Bill (William Clinton) Schenck is active/lives in New Mexico, Arizona, Ohio. Bill Schenck is known for landscape, Indian life, pop cowboy painting.
Biography from Altermann Galleries & Auctioneers
Chosen by a group of Art Historians (Peter Briggs, University of Arizona Museum of Art; Brian Dippie, University of British Columbia; Don Hagerty, Author and head of the Art History Department at UC Davis; Peter Hassrick, Denver Art Museum; and Anne Morand, Gilcrease Museum); Bill Schenck was included in the 'Masters of Western Art 1900-2000" show held at the Desert Caballeros Museum, including renowned artists such as Joseph Sharp, Ernest Blumenschein, Ansel Adams, Georgia O'Keeffe, and Maynard Dixon.
Biography from American Design Ltd.
SOLO EXHIBITIONS: 87 solo shows since 1970 across the U.S. and Europe, including four major museum retrospectives: Scottsdale Center for the Arts (1983), Wyoming State Museum (1990), American Museum of El Paso (1996), and Albrecht Kemper Museum of Art, St. Joseph, MO (1996).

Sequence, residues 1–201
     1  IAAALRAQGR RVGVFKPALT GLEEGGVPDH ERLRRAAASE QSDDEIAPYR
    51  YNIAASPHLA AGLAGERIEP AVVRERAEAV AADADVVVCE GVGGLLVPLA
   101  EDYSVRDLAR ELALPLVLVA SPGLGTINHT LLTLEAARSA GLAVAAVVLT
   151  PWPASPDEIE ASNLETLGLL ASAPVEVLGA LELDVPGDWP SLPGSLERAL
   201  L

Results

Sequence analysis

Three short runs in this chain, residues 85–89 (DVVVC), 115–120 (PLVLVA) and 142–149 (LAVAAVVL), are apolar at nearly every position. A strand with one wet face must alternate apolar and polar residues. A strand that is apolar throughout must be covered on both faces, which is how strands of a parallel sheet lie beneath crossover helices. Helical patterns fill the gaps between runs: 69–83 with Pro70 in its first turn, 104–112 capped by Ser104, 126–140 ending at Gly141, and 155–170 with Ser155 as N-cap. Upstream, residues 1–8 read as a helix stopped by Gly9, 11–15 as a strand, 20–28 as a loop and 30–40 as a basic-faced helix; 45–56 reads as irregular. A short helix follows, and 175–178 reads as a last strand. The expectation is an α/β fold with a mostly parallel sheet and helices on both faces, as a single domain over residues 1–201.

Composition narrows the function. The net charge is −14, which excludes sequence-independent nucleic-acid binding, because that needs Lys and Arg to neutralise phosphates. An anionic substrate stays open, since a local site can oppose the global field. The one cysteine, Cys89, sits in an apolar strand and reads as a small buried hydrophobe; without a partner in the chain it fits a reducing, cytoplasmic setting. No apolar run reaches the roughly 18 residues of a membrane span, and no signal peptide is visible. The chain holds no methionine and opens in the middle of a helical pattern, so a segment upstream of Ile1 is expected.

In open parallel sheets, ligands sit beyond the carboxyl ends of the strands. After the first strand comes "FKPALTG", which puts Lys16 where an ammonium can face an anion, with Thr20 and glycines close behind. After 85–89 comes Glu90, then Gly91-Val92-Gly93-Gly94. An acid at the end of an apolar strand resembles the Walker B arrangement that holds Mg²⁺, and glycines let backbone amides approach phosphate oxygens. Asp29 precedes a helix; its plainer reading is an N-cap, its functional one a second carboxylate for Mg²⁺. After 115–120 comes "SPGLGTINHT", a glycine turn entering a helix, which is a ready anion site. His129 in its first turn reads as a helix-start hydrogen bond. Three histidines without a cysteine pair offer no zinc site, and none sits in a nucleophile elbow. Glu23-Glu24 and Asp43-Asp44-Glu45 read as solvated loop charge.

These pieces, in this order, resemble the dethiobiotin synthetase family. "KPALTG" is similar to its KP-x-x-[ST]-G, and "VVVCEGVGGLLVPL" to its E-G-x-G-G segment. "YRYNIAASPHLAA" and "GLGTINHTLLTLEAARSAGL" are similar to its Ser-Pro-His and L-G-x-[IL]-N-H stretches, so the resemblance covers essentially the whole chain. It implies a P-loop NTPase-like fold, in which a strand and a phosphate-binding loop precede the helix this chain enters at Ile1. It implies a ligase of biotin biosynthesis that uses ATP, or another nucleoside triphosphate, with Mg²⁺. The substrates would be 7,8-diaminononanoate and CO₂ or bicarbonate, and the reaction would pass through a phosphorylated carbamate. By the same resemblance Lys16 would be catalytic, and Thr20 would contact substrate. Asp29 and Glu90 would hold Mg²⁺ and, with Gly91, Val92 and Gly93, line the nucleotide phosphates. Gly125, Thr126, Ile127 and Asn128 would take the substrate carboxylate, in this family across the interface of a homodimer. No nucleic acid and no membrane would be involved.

GROUP EXHIBITIONS: 125 group exhibitions since 1970, including 64 Museum shows in the United States and Europe such as: Desert Caballeros Western Museum / Wickenberg, AZ, Metro Center for the Visual Arts / Denver, CO, Cypress College of Fine Arts / Cypress, CA, National Cowboy Hall of Fame / Oklahoma City, OK, Alberta College of Art / Alberta Canada, Centro de Arte Moderno / Guadalajara, Mexico, Edwin Ulrich Museum / Wichita, KS, Indianapolis Museum of Art / Indianapolis, IN, Allentown Art Museum / Allentown, PA, Grand Hornu Gallery / Grand Hornu, Belgium, Rose Art Museum / MA, Gallerie Trois / Port Mons , Belgium, Wadsworth Annthenum / Hartford, CT.